After reading about the recent ouster of several companies on the $20-billion NASA SEWP competition, I was reminded of some experiences I have had in my 30-plus years as a proposal manager. While the NASA SEWP example is about small businesses overlooking fundamental page count instructions, the mistakes that befall bidders are not limited to small companies. Large businesses make their share of mistakes that could be avoided mostly by working with a competent consultant. “The most expensive thing you can do is lose,” I often tell my clients. A few examples follow.
Compliance and Incumbency Arrogance: Some years ago, during my first week with a large Beltway contractor, I was asked to attend a “Lessons Learned” meeting after a big loss of one of its primary programs in a re-compete. After asking questions and listening for a half-hour, it became clear to me that this company had bid the job as they were operating it every day, and not by responding to the requirements as written in the solicitation. Result: Low score while other companies who knew less responded to the solicitation, including the winner. Moral: Don’t confuse doing the job with winning the job and ensure that you respond to the requirements whatever your program knowledge.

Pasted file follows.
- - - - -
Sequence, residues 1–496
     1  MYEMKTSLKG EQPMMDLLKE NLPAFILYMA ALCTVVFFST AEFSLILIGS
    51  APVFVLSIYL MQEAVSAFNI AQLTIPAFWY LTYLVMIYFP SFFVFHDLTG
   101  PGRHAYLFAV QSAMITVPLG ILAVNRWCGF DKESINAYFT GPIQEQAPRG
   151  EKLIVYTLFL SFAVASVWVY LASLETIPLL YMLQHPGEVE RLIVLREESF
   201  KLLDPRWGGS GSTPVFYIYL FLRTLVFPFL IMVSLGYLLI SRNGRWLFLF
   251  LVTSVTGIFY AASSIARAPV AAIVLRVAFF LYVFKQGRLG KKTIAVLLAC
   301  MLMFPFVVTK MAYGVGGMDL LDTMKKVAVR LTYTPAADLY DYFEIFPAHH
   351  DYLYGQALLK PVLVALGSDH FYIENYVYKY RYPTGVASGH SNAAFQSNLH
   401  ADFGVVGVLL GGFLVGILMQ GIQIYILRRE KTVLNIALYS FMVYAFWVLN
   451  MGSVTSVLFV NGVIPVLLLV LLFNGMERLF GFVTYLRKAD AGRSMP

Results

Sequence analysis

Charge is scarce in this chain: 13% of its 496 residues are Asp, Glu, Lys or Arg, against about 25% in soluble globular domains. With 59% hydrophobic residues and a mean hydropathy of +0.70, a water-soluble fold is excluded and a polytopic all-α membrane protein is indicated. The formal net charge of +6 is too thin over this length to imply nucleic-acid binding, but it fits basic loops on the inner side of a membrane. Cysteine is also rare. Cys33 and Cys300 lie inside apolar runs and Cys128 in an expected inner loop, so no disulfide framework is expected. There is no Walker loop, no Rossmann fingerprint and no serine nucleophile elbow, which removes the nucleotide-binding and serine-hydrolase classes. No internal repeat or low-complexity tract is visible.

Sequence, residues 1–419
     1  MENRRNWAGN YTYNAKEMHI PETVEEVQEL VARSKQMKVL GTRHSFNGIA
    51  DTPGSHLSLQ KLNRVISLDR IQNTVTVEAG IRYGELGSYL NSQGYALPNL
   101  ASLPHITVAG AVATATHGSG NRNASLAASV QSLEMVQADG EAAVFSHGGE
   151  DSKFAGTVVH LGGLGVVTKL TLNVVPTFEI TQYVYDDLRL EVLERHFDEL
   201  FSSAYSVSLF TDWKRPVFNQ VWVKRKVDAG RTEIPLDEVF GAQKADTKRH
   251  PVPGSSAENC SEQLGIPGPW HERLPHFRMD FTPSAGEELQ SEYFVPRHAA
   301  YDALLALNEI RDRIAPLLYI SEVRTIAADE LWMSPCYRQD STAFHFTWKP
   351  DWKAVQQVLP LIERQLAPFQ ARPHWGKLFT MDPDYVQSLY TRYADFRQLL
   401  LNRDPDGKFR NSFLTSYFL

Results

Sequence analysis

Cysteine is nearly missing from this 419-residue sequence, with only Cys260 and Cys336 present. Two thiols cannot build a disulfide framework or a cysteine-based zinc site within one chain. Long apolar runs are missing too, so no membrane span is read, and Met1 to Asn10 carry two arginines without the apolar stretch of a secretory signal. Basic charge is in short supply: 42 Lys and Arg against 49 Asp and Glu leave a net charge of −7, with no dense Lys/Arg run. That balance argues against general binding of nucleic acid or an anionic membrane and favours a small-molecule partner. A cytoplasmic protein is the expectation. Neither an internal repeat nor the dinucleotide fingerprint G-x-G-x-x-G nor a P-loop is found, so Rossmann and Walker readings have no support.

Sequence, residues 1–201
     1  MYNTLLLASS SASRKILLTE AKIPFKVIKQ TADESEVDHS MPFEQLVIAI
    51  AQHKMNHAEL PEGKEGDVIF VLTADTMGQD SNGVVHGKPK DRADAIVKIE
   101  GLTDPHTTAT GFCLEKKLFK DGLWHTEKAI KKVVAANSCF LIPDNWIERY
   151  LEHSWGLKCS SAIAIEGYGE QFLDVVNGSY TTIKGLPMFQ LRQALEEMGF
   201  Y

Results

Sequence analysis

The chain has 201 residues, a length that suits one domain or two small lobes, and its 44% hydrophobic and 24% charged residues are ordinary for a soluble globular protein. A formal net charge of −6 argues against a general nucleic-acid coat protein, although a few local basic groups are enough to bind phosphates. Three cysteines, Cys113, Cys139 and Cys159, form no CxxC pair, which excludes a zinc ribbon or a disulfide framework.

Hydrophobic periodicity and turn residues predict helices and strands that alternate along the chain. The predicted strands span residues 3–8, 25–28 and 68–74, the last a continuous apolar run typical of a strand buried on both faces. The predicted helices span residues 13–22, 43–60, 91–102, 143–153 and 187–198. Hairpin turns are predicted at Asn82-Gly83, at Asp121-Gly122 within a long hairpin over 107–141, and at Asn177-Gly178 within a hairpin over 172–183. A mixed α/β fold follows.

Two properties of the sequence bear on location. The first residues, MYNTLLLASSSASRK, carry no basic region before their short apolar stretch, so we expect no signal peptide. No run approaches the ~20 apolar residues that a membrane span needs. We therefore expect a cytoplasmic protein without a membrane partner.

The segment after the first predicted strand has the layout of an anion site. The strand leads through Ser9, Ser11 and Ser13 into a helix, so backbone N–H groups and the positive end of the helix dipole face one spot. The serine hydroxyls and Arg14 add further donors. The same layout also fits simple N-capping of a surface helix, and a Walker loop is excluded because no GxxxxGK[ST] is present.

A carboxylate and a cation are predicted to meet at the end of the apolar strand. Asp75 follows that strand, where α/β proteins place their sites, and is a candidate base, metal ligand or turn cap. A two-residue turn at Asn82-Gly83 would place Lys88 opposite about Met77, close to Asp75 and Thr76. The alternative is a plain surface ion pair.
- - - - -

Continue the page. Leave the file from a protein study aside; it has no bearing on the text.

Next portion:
Small Business Graduation: Probably no other bidder needs assistance more than companies that have just graduated and now need to bid “Full and Open Competition.” One company I knew took this attitude by saying, “Oh, we are the agency’s darling – and they will hire us.” Well, as a small business, yes, you may be their darling; but now you are trying to win a major Beltway IDIQ or single-award bid where the competition is intense and the solicitation is under public scrutiny. Result: No agency will favor any one bidder, and in many cases company names are redacted until after award. Moral: You must compete scrupulously to win Full and Open competitions.
Proposal Process and Production Quality: I have seen so many failures of these two issues; it is hard to pick one. A typical manner in which OCI gets hired is after the bidder runs into trouble well into the proposal schedule and then shouts “HELP!” Process is vital to the delivery of a high quality proposal, and OCI uses a standard process, including the “Color Reviews” that drive compliance, content, and production. A proposal is a “marketing document” and its production should be treated as a statement of credibility and as an example of the quality of work after award. Result: Without process control and production quality, low win probabilities. Moral: Hire a competent consultancy to help keep you honest, on schedule, and compliant; maximizing the opportunity for winning.